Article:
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By Megan Ward
I’m having the worst day! My alarm clock yelled at me to get out of bed this morning. My dog scorned me when I tried to pet her. Then the wind absolutely howled when I was riding my bike to campus.
Now I’m here . . . and the camera is not known to love English professors.
So why am I here? To illustrate the uses of personification, of course. That little story I just told about my day so far? Each sentence featured personification, where something not human was
described as if it had human emotions or characteristics: the alarm clock yelled, my dog scorned, and the wind howled.
Personification can lend atmosphere to a scene or give lifelikeness to an object or animal that might otherwise seem dull. It can help readers connect with the parts of a story or poem that aren’t the characters. Once we see human-like emotions being portrayed – even by an alarm clock – we react with our human emotions. We might find the alarm clock infuriating or pathetic or funny. So, personification can create a connection between the reader and the thing being described.
To dig into how this works, let’s check out a scene featuring the infamous Ebenezer Scrooge from Charles’s Dickens’s short story, “A Christmas Carol.” As you might already know, Scrooge was a mean and dismal miser who only lived to make money. He didn’t have any family, any friends, or any sources of real joy. So, it’s probably no surprise that he lives in an apartment in a building that’s also pretty miserable. Here’s how Dickens describes Scrooge’s apartment, which he calls his “rooms”:
“They were a gloomy suite of rooms, in a lowering pile of building up a yard, where it had so little business to be, that one could scarcely help fancying it must have run there when it was a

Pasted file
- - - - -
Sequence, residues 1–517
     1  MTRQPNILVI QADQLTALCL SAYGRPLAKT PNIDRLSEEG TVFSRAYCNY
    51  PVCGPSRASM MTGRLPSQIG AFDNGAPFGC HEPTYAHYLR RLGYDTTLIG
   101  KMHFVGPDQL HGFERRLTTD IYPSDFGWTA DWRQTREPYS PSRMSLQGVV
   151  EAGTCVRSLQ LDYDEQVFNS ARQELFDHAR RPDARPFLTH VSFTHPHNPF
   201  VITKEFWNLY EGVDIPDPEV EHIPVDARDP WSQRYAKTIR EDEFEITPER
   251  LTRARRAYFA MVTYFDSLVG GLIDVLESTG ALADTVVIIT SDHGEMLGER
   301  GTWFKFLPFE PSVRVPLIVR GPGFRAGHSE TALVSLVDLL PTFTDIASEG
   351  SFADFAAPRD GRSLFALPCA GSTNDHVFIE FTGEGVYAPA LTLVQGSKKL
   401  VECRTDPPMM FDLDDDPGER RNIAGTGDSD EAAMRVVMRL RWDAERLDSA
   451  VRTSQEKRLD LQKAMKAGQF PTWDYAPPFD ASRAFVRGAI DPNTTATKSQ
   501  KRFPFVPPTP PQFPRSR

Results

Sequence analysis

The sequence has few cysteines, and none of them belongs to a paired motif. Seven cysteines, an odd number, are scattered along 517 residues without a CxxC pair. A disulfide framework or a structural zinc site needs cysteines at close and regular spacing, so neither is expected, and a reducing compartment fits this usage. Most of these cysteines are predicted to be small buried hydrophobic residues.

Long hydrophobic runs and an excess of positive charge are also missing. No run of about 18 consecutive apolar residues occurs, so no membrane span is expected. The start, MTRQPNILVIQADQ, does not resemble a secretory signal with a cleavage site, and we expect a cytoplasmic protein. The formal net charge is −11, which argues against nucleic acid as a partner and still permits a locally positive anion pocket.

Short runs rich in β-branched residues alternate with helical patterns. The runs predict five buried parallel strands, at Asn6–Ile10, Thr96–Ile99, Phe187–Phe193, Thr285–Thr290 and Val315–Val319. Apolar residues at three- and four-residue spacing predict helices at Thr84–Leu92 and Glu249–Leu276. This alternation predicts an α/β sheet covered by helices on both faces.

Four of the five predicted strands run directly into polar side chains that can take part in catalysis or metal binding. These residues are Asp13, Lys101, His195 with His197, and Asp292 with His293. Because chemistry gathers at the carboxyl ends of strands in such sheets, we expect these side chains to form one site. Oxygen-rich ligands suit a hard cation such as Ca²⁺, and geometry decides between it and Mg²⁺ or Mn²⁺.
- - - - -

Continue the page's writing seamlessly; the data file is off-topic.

young house, playing at hide-and-seek with other houses, and forgotten the way out again.”
The building where Scrooge lives is personified as lonely and forgotten. It doesn’t have any “business” being where it is – in fact, only Scrooge lives there and the rest of the rooms are rented out to businesses, so it’s cold and empty most of the time that he’s there. This out-of- place building seems to have ended up there by accident, a leftover from a more joyful, youthful time. Dickens helps us imagine that this building might have been playing hide-and- seek – a game that children play – but instead of being found, it was abandoned when nobody came to find it. So, now the building is just stuck there, discarded and almost deserted. Dickens is a master of personification – readers have been commenting on his use of the device from the time “A Christmas Carol” was first published in 1843 all the way until today. And one thing they usually agree on is that Dickens uses personification so that the setting will amplify something essential about the characters, deepening the reader’s understanding and emotional reaction.
The building that Scrooge lives in reflects his own miserable existence. He might once have been young and playful, but now he’s all alone, forgotten and out of the way, just like his home. So, to sum up: personification makes the world more vivid by illustrating an idea or reflecting a character’s mood. It helps us see our humanity in the world all around us.
Further Resources for Teachers
Stephen Crane's short story "The Open Boat" offers many opportunities for students to practice identifying personification. A useful activity would be to first catalog the different types of personification in the story and then discuss why the sailors might want to give nature a 'human' face during their crisis at sea. For a related reading of this story, see our "What is a Simile?" video.